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WASHINGTON, May 27 (AFP) - A Florida businessman has filed suit against Atkins Nutritionals, charging that the company's high-protein, low-carbohydrate diet regimen caused his severe heart disease, which nearly killed him.
Jody Gorran filed the lawsuit against Atkins Nutritionals and the estate of the late doctor Robert Atkins in a Palm Beach County, Florida court after undergoing heart surgery that he claims was necessary to save his life from the bad effects of the diet.
"I'm suing the Atkins empire because I want the public to know that the Atkins diet may be killing people. I believe that the diet almost killed me, by giving me heart disease," Gorran told reporters in Washington.
The Delray Beach, Florida businessman is seeking 15,000 dollars in compensation, which he says will be given to charity, and is demanding that health warnings be placed on all Atkins products.
Six months before starting the program, Gorran, now 53, underwent a heart test which found him to be in excellent health, with no trace of plaque or occlusion, according to cardiologist David Nash, head of the Syracuse Preventive Cardiology Center in New York State.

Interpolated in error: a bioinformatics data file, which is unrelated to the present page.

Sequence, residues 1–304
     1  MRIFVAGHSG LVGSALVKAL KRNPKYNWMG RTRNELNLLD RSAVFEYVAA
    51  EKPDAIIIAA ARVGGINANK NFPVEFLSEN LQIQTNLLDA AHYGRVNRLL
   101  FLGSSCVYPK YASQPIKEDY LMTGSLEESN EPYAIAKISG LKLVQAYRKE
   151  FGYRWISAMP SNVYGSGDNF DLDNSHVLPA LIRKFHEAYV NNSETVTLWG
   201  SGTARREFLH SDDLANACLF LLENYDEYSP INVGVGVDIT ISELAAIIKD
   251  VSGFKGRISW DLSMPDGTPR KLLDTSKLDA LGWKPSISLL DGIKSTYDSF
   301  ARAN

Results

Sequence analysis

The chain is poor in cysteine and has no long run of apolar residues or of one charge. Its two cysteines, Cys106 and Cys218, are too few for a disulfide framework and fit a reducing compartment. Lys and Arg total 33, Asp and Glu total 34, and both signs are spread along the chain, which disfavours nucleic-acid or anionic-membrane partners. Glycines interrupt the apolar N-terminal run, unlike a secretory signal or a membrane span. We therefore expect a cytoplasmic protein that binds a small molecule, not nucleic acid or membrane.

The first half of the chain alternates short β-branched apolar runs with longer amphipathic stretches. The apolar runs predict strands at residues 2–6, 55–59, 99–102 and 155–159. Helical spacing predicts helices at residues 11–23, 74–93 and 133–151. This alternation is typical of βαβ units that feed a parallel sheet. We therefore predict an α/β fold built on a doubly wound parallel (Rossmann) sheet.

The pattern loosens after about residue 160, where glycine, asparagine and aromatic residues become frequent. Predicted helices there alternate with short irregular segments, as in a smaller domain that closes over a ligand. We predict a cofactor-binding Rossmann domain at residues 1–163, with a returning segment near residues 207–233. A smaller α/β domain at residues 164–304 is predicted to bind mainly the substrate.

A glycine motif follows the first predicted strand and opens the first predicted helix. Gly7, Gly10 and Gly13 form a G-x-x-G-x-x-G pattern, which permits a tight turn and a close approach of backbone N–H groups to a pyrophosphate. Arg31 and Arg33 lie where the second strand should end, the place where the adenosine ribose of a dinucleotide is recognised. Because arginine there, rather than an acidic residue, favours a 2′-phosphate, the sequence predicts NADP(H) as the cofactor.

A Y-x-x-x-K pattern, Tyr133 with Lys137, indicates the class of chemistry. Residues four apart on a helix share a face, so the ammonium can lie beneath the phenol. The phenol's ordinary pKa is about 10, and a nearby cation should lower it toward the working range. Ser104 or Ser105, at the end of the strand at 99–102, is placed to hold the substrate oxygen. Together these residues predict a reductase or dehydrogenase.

Gorran followed the diet for two and a half years before being stricken with angina. Tests revealed that one of his coronary arteries was 99 percent blocked.
He underwent surgery to open the blocked artery, and a stent was inserted to keep the artery open. He stopped following the diet on the advice of his doctors, and claims his unhealthy cholesterol levels dropped immediately.
Gorran is receiving legal counsel from the Physicians Committee for Responsible Medicine (PCRM), a pro-vegetarian group, which raised the ire of Atkins representatives.
Gina Mangiaracina, an Atkins spokeswoman, charged that the lawsuit "is just for publicity.
"We should not let the real issue, providing people with a scientifically validated nutritional choice in the face of a worldwide obesity and Type 2 diabetes epidemic, be manipulated by this extremist animal rights vegan group, " she said, referring to PCRM.
The Atkins program advocates a diet high in protein at the expense of carbohydrates.
According to Atkins's theories, eating virtually no carbohydrates causes the body to enter a state known as ketosis, in which it uses stored body fat as fuel.
The unique selling point is that if dieters stick to certain types of foods, principally meat, fish, eggs and dairy products, they can theoretically eat as much as they want and yet still shed weight.
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